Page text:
In other words, with all due respect, I think the Cardinal’s case is not very convincing.

Would love to read you thoughts, dear reader!



3 thoughts on “Human Freedom +Amoris Laetitia Session

  1. First, a wonderful experience/teaching last evening and a inspiring homily at noon Mass.
    Now, to the woman in the example. I struggled with conflicting ideas about the situation and the options. Sometimes “seeing both sides of a situation” is a major headache! But in the end, the fact of the matter is that she apparently willingly entered into a situation that was outside the beliefs and teachings of the Catholic faith. If I read this correctly, she made a decision to live as his wife with a man married to another woman. The reference made to “her civilly married spouse” leads me to think the man’s marriage was not of the church, but just of civil law. Not sure that matters, unless it’s meant to make a distinction that his marriage may not be recognized by the Catholic Church, although that seems to me more of a “technical point” because he still made a vow to another woman. Now she wants to receive the sacraments. As simplistic as this question may seem, what about the ten years? What has she been doing all those years? Or perhaps she has struggled all these years with a desire to receive the sacrament and is just now finding the courage to ask. Not sure that really matters although perhaps it may. Is there a reason she now wants to receive the sacrament, such as terminal illness? I understand the reasoning presented that leaving the “mistaken union” would create great hurt to the children and the man she has lived with for ten years. So it seems to me her options are: 1. Go to the Catholic church and receive the sacraments without confessing her situation. 2. Go to a protestant church and receive communion with no questions asked. 3. Take steps to rectify the situation, such as those presented by Fr. Mark. 4. Live in a “brother-sister” relationship with the man for the sake of the children (easier said than done likely). 5. Just live with the situation she has created and forego taking the sacraments. So, now we ask, perhaps, what about a loving God who forgives if we confess our sins? When Jesus forgave the woman caught in adultery, he said, “Go and sin no more.” I am sure anyone caught in this situation would prefer the priest say she may receive the sacraments but can she in her own heart be at peace with that? In the end, does it finally come down to being between her, God and the priest, or just between her and God? But if we don’t truly believe and try to practice what we confess (even as we often fail!), then what is the meaning of anything? This question is obviously for far more learned minds than mine.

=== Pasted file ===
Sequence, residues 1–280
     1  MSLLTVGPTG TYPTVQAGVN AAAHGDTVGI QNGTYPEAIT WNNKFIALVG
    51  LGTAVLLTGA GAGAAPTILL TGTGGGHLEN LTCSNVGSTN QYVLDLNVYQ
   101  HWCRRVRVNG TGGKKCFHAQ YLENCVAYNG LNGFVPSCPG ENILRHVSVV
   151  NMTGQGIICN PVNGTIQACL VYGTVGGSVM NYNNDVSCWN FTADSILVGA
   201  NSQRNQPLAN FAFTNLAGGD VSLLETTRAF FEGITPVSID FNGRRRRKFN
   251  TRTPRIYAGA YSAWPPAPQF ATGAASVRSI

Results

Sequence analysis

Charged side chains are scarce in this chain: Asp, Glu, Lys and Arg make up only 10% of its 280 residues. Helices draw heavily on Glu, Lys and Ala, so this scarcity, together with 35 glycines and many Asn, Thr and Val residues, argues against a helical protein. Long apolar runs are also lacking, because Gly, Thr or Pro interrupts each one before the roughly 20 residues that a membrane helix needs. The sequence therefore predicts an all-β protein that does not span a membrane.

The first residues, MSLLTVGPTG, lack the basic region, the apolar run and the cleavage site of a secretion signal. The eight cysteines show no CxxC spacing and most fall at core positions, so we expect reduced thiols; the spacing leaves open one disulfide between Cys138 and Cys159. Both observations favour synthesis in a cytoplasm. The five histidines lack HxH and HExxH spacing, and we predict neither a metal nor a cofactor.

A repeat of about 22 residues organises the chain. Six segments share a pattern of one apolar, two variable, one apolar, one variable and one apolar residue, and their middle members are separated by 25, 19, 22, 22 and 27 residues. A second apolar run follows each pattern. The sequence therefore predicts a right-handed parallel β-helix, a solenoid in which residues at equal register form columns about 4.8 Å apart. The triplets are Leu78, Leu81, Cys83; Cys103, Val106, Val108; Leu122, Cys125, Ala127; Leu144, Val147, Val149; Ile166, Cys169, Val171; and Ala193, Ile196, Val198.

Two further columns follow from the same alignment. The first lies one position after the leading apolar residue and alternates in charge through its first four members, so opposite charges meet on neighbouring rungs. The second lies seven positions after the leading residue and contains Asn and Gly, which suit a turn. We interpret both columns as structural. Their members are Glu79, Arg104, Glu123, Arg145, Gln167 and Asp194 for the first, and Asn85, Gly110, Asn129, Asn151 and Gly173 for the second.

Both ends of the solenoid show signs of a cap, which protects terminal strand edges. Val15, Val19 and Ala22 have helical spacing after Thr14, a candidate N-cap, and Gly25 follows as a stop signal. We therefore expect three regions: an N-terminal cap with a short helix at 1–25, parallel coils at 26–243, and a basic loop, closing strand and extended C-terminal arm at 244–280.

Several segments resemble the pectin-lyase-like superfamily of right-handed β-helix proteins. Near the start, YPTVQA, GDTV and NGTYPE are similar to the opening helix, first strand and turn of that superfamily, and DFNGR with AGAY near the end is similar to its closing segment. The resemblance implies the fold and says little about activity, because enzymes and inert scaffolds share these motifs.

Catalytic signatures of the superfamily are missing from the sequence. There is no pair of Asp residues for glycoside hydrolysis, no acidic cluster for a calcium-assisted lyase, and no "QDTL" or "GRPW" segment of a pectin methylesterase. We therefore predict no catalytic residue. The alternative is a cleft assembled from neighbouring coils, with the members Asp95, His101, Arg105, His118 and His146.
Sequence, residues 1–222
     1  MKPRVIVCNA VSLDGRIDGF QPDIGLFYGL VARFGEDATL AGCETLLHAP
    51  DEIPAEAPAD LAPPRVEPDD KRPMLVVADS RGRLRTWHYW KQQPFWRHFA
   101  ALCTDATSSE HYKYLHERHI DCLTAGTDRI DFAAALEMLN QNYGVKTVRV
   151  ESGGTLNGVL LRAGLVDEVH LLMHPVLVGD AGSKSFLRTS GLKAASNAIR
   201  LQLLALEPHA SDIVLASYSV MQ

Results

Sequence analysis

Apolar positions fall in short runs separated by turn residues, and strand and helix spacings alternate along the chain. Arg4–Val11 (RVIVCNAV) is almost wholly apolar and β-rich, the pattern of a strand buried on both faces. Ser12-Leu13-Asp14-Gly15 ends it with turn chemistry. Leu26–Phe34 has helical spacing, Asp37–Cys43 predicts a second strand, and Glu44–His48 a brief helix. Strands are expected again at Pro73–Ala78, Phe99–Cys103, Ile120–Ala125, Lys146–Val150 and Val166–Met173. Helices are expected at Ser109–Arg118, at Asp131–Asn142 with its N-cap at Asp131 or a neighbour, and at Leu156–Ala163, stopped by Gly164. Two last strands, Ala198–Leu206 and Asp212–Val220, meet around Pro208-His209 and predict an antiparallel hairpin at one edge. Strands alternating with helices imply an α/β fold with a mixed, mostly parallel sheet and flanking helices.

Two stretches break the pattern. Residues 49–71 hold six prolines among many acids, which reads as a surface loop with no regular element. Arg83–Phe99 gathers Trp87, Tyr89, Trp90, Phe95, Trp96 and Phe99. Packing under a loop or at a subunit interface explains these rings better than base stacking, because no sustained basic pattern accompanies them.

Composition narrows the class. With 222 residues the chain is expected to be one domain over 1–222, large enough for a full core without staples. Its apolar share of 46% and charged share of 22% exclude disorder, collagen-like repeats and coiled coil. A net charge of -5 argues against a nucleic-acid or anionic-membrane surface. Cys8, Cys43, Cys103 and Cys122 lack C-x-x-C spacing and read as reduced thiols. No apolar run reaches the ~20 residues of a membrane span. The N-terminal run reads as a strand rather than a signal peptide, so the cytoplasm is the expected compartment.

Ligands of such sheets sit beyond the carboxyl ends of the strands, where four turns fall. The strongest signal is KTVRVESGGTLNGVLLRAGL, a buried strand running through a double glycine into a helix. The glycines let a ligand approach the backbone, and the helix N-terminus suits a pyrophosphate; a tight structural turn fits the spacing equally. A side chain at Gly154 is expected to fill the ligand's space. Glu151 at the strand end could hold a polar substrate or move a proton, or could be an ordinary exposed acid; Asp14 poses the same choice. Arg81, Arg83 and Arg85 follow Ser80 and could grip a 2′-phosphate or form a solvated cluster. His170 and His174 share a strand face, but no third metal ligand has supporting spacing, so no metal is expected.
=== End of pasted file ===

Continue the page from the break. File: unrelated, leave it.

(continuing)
2. It seems to me that there is only one answer. If a man and woman who are living together without the ability to marry because of a valid marriage existing between one or the other with another spouse, then they would have to live as sister and brother without spousal relations, to receive the sacraments.

  3. 1. How does one acquire the grace to recognize the inspiration of the Holy Spirit to know and act in her specific situation if not through the sacraments?
    2. We catechize by our life and our example. The children have to be the primary consideration.